This suburb of St. Petersburg is much older than the city itself. In 1499, it was just a small village called Hotchino and its inhabitants were people from Novgorod. Then it was occupied by Livonia and then by Sweden. In 1721, after the war between Russia and Sweden, Gatchina became a Russian settlement again. The Empress Catherine II gave it to her favorite Orlov, for whom the palace was built under the direction of architect Rinaldi. In the 19th century, Gatchina received the status of a city, and after the October Revolution a museum was opened inside the palace. Gatchina is worth visiting not just for the impressive palace, but also for the romantic park and small priory palace.
The palace is the only palace-fortress in the St. Petersburg region. After Orlov’s death, it became the residence of Catherine II’s son; the future emperor Paul I. Completed in 1781 in an early classical style, the original design of distinguished Italian architect Rinaldi was twice altered: once in an expansion by Vincenzo Brenna in the late eighteenth century and again when Roman Kuzmin reconstructed the palace between 1845 and 1860. During the Great Patriotic War, the palace and other sights of this city suffered greatly, but they were restored and are now open to tourists. Look out for the artificial grotto at the end of the palace’s corridor, one of the remnants of Rinaldi’s original design.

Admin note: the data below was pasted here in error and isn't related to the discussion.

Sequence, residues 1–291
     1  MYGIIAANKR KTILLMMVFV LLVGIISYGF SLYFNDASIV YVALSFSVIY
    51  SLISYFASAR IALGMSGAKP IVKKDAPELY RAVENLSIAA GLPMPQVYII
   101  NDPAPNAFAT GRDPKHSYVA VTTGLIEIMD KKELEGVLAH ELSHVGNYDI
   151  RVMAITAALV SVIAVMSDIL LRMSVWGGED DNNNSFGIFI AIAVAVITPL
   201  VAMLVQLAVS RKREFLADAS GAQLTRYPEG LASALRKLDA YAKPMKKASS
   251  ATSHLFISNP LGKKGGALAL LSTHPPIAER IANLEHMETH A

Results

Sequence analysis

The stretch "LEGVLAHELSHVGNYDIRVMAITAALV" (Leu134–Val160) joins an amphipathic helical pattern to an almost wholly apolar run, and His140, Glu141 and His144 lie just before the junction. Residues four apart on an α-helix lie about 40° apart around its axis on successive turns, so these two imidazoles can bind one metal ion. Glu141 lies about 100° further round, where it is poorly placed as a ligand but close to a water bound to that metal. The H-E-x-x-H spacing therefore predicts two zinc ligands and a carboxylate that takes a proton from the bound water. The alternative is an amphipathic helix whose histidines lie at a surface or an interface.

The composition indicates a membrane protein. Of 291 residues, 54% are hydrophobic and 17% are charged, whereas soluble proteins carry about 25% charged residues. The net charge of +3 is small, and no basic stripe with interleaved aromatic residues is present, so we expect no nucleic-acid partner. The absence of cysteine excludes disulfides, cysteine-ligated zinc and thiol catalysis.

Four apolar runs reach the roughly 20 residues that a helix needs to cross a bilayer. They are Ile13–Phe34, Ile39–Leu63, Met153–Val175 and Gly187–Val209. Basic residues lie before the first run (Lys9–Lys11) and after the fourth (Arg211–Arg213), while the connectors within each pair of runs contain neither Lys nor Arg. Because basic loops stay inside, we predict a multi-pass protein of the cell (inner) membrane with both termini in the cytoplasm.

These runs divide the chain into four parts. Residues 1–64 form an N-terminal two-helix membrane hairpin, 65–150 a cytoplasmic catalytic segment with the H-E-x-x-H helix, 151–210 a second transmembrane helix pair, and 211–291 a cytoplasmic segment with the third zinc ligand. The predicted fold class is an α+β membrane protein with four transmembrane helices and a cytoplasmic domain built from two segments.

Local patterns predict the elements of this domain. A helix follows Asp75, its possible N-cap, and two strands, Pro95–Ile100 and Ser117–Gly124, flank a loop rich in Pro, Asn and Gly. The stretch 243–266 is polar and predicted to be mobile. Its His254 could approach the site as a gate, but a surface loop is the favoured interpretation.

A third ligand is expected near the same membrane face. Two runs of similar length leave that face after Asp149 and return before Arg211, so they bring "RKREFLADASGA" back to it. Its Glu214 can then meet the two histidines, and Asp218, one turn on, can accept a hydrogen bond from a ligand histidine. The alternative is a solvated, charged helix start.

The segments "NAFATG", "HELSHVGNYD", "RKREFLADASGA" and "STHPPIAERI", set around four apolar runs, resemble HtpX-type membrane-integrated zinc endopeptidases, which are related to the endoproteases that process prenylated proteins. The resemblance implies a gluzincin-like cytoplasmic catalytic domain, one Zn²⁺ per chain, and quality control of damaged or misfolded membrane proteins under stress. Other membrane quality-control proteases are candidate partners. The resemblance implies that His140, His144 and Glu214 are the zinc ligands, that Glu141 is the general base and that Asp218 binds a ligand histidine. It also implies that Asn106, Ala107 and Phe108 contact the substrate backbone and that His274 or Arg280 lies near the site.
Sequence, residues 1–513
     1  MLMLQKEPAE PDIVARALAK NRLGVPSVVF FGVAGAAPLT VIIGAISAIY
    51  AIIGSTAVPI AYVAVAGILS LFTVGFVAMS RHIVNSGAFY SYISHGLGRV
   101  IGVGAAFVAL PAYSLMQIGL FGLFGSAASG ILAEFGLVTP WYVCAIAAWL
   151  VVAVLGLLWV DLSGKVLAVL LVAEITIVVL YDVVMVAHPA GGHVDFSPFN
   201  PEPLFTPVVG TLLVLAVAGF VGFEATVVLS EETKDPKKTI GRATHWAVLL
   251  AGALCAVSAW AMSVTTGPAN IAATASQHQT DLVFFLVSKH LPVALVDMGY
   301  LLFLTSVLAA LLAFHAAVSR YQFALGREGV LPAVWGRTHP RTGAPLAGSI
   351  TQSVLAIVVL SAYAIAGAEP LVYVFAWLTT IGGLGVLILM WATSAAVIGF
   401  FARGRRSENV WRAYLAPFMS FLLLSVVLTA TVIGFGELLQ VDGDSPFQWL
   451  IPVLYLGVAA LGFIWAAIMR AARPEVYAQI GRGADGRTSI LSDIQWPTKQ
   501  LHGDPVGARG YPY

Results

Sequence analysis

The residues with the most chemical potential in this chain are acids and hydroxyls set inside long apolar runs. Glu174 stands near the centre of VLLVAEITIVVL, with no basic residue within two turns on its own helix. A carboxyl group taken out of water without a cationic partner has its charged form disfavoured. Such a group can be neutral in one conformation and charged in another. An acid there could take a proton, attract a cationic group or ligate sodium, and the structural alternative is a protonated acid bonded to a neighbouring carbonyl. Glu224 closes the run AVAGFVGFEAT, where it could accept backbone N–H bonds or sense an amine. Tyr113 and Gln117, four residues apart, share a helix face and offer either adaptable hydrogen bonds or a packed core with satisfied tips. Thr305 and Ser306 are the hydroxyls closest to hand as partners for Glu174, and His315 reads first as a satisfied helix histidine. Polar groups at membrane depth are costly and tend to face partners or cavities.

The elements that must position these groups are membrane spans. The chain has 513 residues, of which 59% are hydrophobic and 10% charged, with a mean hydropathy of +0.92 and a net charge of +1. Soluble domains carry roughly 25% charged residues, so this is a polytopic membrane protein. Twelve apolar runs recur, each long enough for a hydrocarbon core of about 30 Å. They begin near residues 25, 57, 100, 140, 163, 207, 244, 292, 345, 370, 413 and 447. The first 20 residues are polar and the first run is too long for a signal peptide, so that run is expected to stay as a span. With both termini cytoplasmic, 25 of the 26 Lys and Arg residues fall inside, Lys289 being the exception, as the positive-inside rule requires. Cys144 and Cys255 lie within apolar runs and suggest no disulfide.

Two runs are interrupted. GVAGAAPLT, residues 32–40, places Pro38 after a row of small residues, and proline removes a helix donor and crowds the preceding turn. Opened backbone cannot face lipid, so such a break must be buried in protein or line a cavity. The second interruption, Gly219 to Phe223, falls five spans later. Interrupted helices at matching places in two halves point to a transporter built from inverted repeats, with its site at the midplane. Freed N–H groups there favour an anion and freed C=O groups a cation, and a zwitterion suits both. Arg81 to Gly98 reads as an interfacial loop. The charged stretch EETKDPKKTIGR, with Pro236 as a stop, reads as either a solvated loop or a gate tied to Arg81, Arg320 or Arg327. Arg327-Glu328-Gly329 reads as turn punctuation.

The park, created at the end of the eighteenth century, covers over 700 hectares. Like many imperial parks in the St. Petersburg region, the park was meant as an imitation of nature, and has nothing in common with the pristine gardens of, say, Versailles (though some of those geometric, manicured gardens were added later). It is notable that Catherine II was influential in the park’s construction. The park is dotted with ponds and islands, created courtesy of serf labour; its other features include the Silvia Gate, Venus Pavillion, Karpin Bridge, and the Birch House.
In the nineteenth century, the palace stood more or less empty, and during the Soviet period, it served as a meeting hall for pioneers, amongst other things. As per all the palaces in the suburbs, Gatchina was completely destroyed by the Nazis and was torched almost to the grounds. Restoration began in 1970 and was reopened as a museum in 1985. There is a great exhibition in the palace, which tells the history of the palace and its owners.
The palace’s attraction lies in its modesty, which is a welcome break from the sombreness of the imperial palace, and its picturesque location.